Katsuhiro Otomo brings you Memories. Born in 1954, he began the eight-year manga series for Akira in 1982. He did the opening and ending animation for Robot Carnival and directed the movie for Akira. He was the creator, mecha designer, and script writer for Roujin Z, which is similar in look to Stink Bomb, the second part of Memories. Otomo decided he wanted to make Memories with a crew from the younger generation of people in anime. It took three years to complete and was released (in Japan) in 1995. Otomo chose the order of the three parts of Memories because he wanted the first piece to give the audience a feeling of visual grandeur and the last to leave a hungering or shocked emotion.
The first episode is Magnetic Rose, which stars Miguel and Heintz, two space junk collectors who, following an SOS signal, find a space station-like object filled with some very old, very high class stuff. Fighting to discern reality from fantasy, they hunt for the source of the signal.
Stink Bomb is the second piece, in which a biological researcher accidentally takes an experimental drug. Mixing with his body chemistry, it releases a pleasant smell that kills everyone around him. He steadily moves toward Tokyo carrying the bottle of pills and spreading a lethal cloud. The Japanese armed forces throw everything they have at him from guided missiles to a plea from his grandmother. The gas cloud grows so large that it starts collecting internal electric disturbances and disrupts electronic equipment nearby. Everyone fears all of Japan will perish, until three American troops wearing sealed and insulated power armor corner him in a tunnel.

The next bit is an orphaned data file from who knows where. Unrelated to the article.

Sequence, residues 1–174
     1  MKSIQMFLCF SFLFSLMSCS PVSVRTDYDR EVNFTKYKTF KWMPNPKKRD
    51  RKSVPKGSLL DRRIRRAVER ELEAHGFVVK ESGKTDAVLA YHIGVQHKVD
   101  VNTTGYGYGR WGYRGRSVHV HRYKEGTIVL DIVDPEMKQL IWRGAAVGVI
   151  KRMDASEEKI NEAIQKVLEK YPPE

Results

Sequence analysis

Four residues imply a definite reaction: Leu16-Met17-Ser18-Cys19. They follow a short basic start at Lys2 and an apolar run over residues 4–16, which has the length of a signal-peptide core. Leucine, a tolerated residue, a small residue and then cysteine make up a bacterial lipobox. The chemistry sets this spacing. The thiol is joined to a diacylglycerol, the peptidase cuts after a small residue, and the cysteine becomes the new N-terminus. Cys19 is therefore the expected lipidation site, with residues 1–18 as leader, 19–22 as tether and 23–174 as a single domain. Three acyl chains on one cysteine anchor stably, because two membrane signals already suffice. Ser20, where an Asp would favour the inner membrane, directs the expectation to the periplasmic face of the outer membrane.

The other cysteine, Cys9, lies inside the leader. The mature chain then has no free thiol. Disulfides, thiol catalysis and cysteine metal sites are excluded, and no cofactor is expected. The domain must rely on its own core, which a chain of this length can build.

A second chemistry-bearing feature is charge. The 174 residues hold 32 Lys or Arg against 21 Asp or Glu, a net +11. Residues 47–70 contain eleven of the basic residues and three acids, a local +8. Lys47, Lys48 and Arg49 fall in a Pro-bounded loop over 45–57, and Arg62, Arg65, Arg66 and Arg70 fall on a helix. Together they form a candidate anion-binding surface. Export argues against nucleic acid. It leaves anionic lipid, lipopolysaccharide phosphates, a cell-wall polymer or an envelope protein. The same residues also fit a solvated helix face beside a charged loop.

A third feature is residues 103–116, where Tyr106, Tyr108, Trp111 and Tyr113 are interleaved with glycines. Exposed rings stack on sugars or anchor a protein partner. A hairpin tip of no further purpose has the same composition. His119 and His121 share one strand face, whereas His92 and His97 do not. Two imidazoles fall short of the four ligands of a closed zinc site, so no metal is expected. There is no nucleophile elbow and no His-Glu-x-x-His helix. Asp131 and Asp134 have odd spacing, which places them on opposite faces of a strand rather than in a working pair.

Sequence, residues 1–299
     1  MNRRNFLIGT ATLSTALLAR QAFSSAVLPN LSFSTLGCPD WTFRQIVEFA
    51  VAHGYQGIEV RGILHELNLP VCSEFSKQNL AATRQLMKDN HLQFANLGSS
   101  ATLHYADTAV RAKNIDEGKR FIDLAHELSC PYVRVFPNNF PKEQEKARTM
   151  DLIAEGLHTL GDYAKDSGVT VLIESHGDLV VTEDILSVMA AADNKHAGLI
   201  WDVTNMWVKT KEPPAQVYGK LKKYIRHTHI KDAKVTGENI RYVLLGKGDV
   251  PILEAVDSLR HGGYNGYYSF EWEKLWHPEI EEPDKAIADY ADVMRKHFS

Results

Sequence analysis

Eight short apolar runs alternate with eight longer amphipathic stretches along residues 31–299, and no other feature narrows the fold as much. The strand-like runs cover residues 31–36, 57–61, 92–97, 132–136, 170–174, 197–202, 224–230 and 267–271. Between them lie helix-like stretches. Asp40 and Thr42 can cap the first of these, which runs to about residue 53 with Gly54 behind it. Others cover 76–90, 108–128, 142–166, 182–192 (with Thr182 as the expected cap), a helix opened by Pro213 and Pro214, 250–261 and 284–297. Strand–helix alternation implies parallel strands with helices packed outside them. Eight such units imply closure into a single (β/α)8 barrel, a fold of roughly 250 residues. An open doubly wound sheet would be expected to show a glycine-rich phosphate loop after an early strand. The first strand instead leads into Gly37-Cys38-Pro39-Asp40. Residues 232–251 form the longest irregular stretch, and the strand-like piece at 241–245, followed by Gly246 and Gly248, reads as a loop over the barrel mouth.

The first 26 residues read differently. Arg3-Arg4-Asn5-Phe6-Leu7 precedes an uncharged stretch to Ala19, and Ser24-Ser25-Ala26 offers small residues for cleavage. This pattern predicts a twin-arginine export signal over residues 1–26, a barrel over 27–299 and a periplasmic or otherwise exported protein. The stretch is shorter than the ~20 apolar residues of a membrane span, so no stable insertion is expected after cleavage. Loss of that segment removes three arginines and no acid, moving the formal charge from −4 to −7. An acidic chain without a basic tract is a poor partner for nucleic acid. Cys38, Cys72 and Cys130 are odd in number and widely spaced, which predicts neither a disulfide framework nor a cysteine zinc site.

The last piece was directed by Otomo and depicts a day in the life of a family in a WWII-reminiscent city. This city has a turret on every building and several immense cannons in which the father loads shells much bigger than he is. The details are elusive, but I gathered that they're assaulting a mobile "enemy" city. I got a very 1984 feeling from this in part because it seemed like the enemy wasn't real and the people were just firing off shells because they were told to. At first, the art seems worse because it is rougher and the characters aren't shiny and pretty as we might expect from popular anime. Don't let this fool you; it is very well-animated, and the scene transitions are exquisitely planned; it's just less flashy. Here, all the weight is in the setting, and what seems to be very little action tells much more when you've had some time to think about it. I wonder if the child smirks in the lunchroom because the "music helmet" has gotten someone else in trouble. The technical undertaking for Cannon Fodder was immense. To do some of the panning scenes, they used ten-meter paintings, and this is the only of the three pieces that uses computer animation. Upon first watching it, I found Cannon Fodder neither interesting nor entertaining. The more I let it roll around in my mind, the more I wanted to see it again. The texture and the image of life during war I found to be frightening and touching at the same time.